In the weeks that followed, Riley adjusted to our routine, his favorite ritual being Friday night T-bones. He abandoned the front door station in favor of a corner in the kitchen. We exchanged email with Martin, usually on Sundays. Two months into fostering, emails from Martin ceased.

Deployment drags with it distance and sometimes disability or death. Three more weeks passed without hearing from Martin. Then Audrey Dash, Martin's grandmother, phoned. Martin had been injured in a bombing and transported to a hospital in Germany, where he died. Mrs. Dash asked Dave if we'd give her a few days and then bring Riley to her.

When we turned off the highway, Riley jumped to the window, tail whipping side-to-side. Maybe Riley thought Martin was nearby. Riley went crazy as we pulled up to Audrey's house. Riley ran up the walk, barking and jumping until Audrey opened the front door of the stately old home. Riley performed his full body wiggle and then ran inside.

"Mrs. Dash, I'm Dave. This is my wife Linda."

"Call me Audrey," she said. "Please come in and sit down." Throughout the living room and adjacent dining room, packed boxes were stacked and tags affixed to all the furniture. Riley had disappeared.

Audrey, connected via tube to an oxygen bottle, used a walker. "I'm moving to assisted living next week. My neighbors are helping me pack. I don't even go upstairs anymore. Martin couldn't get base housing with a dog, so Martin and Riley moved in here - just four miles from the base. After awhile I couldn't take care of Riley. Martin left him at doggy daycare and brought him home in the evenings." Audrey's eyes spilled tears.

"We're sorry for your loss, Audrey," Dave said.

"Thank you," Audrey said. "The funeral was Thursday. My daughter Isabel and son-in-law left for the airport this morning. Isabel picked out some of Martin's things she wants shipped to Paris."

"Riley must be upstairs," I said.

"I feel so sad," Audrey said. "He's looking for Martin in their old room. Would you please get him? Go left at the top of the stairs."

I found Riley on the floor beside the bed, curled up atop a dog-wadded, camouflage Army uniform. I coaxed but Riley wouldn't budge, so I went downstairs and asked Dave to get him.

"Riley must have pulled the uniform off the bed," Audrey said. "Isabel laid it out."

Dave carried Riley down. "Is he allowed on the sofa?" he asked Audrey.

"Yes, of course," she said.

Dave placed Riley across my lap. He remained motionless, even when I scratched his ears. As I realized the depth of his disappointment, my teardrops fell and rolled down his fur.

Audrey dabbed a tissue beneath her wet eyes before speaking. "You know, Riley is such a good dog because Martin poured him full of love. Will you continue to care for Riley until Martin's friend Bobby returns and finds him a permanent home? I can't keep Riley and don't know anyone who can."

Dave and I exchanged glances. I ached to think of Riley needing a new home. Foster, yes - adoption, no. We had thought to protect our hearts, but life works otherwise. Dave knew my thoughts and I his. I patted his knee.

"We'd like to adopt Riley," Dave told Audrey.

Audrey smiled, we smiled and everyone fought back tears. I offered to bring Riley to the assisted living facility for visits. Audrey declined, saying that wouldn't be best for Riley. She gave me the facility phone number and asked me to call once in awhile. Audrey hugged Riley and said good-bye.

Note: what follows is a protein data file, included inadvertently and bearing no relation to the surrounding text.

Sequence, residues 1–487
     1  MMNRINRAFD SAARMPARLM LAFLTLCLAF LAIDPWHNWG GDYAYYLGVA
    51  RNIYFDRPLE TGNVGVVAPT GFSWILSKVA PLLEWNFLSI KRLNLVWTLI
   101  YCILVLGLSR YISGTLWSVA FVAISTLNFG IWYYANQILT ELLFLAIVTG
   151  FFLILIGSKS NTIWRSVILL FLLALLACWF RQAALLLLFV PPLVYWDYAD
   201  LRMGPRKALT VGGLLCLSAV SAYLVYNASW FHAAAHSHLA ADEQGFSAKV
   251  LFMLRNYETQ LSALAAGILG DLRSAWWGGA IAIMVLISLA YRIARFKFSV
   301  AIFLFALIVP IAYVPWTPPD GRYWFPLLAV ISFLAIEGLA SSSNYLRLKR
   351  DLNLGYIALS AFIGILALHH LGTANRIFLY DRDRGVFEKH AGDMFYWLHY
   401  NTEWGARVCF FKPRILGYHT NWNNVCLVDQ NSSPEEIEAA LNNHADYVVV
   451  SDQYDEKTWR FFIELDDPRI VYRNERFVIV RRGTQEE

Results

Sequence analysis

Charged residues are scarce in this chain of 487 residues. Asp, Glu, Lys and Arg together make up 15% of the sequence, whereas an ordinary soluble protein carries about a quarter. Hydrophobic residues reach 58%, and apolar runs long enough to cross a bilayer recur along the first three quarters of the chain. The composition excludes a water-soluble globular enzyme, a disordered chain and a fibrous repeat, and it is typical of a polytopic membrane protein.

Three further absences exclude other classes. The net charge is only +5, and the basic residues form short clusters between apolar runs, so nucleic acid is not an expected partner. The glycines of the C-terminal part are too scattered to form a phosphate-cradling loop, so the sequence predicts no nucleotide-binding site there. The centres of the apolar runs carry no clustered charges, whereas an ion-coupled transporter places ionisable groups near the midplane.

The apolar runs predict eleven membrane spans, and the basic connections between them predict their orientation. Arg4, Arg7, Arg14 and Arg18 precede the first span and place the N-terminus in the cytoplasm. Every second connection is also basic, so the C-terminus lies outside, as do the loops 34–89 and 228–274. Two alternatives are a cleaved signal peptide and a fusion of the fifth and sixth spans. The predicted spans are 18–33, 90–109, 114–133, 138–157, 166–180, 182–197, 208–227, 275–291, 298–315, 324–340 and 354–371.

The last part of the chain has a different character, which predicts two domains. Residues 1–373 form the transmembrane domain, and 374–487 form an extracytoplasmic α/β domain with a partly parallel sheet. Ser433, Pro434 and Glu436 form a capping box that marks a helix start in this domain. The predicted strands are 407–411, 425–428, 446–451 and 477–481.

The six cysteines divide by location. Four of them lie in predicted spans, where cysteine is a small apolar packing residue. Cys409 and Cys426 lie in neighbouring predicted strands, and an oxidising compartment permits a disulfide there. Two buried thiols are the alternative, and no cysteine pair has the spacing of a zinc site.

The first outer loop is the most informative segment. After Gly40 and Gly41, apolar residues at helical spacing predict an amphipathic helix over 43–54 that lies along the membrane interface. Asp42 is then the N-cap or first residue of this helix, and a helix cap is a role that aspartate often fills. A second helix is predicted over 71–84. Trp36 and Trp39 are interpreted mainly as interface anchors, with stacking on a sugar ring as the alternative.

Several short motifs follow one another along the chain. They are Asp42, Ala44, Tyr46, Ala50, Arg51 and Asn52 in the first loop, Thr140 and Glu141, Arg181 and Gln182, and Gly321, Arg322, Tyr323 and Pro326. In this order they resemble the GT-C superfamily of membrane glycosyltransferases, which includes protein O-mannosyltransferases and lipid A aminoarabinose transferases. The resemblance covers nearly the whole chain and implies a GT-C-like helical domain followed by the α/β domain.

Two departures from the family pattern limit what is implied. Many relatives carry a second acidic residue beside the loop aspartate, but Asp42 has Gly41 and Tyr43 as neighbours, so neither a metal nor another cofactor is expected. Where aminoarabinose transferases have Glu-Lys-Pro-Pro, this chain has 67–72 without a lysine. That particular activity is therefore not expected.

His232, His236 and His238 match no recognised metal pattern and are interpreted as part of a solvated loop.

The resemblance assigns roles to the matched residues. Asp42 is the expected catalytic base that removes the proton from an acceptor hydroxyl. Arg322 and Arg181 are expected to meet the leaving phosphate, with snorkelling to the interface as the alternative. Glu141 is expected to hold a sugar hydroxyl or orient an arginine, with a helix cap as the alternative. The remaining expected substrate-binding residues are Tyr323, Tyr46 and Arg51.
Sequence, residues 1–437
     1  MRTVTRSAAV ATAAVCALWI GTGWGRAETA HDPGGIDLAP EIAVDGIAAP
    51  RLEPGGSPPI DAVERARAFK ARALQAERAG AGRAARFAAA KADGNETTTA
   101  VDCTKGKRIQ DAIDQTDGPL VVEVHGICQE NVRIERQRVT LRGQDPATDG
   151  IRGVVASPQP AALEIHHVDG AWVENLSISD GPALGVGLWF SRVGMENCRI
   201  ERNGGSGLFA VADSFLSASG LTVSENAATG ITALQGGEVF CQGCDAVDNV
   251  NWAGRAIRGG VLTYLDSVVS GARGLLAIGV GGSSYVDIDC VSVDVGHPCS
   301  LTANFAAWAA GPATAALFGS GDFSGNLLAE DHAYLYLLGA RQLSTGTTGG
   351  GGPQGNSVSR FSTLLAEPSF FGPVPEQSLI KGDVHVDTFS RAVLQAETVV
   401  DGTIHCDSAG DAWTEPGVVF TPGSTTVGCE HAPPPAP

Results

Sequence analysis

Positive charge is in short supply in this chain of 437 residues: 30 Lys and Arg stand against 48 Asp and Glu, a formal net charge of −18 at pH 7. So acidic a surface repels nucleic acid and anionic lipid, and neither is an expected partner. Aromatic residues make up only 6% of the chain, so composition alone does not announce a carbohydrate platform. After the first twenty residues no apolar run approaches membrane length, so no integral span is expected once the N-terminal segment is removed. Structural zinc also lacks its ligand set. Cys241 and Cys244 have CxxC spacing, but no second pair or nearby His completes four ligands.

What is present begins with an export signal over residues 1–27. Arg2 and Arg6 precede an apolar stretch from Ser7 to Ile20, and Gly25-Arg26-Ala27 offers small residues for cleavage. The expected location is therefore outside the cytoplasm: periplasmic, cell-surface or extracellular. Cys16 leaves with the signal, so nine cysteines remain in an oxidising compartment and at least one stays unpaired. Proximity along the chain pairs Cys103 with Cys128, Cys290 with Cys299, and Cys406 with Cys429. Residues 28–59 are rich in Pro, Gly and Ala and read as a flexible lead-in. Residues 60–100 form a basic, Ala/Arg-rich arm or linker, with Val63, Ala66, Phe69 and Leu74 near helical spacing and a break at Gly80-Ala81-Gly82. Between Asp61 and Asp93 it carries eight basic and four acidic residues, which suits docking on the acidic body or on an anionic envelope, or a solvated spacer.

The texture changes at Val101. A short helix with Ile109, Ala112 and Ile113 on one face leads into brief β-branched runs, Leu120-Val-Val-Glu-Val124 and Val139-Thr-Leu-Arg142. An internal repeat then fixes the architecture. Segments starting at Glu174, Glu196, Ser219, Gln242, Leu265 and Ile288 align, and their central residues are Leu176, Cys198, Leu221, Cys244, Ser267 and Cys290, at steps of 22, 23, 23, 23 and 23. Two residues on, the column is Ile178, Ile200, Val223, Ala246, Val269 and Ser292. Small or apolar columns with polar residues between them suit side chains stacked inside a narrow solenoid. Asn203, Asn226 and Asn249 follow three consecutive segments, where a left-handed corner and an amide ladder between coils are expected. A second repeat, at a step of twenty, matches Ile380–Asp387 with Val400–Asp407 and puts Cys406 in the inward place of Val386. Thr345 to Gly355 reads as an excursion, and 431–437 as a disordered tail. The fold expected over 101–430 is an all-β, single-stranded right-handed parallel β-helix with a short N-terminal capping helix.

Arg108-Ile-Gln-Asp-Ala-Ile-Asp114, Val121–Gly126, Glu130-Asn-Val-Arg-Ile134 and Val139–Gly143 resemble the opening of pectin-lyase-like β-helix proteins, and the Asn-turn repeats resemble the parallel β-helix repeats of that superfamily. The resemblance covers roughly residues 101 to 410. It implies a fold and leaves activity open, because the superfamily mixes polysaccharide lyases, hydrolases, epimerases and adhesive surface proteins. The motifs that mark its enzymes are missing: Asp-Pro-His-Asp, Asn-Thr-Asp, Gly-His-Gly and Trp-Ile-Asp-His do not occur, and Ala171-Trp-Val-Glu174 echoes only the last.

Suddenly we became the owners of Riley, the dog we had fallen in love with in the last three months, the broken-hearted dog separated from Martin and Audrey. We walked Riley to the car, his head and tail pointed downward, a much different dog than just an hour earlier. Our challenge became making Riley's life happy again.

Riley stayed by the front door, ate his dog food, went for walks, but seldom wagged his tail and never did the endearing full body wiggle. Andy, Dave's dog trainer friend, agreed when we said Audrey thought it best not to bring him for visits. He said it would be like breaking his heart over and over again. He told us to look for anything that perked him up and then do more of that. We clung to the tiny bit of animation Riley showed when riding in the car. Over the next few weeks we took him everywhere - car wash, post office, grocery store, dry cleaner. Every errand we ran, Riley rode.

The grocery store was busier than usual. I had to park several storefronts away. Coming back to the car with groceries, I saw a young man at the passenger side window. Riley stood on the seat, paws on the window, performing an outrageous full body wiggle.

"Oh, your dog is so friendly," the man said. "My dogs aren't that good with strangers."

"I'm glad to see him this happy," I said.

"Yeah," he said, "dogs usually are a bit more reserved around uniforms."

The young man wore a camouflage Army uniform. Riley continued acting crazy in the car. "Would you let me pet him?" the man asked.

When Riley and I arrived home, Dave said, "What's up with Riley? He looks different."

I told Dave about the young man in uniform and how Riley had reacted. I told him about the Army recruit office tucked away in the corner of the storefront complex and the young man's suggestion I bring Riley for visits. Dave phoned Andy, unsure if the visits would be good for Riley.

"Sure," Andy said. "He's not going to think those men are Martin. His nose will tell him the difference, but he'll react positively to their uniforms and their youth."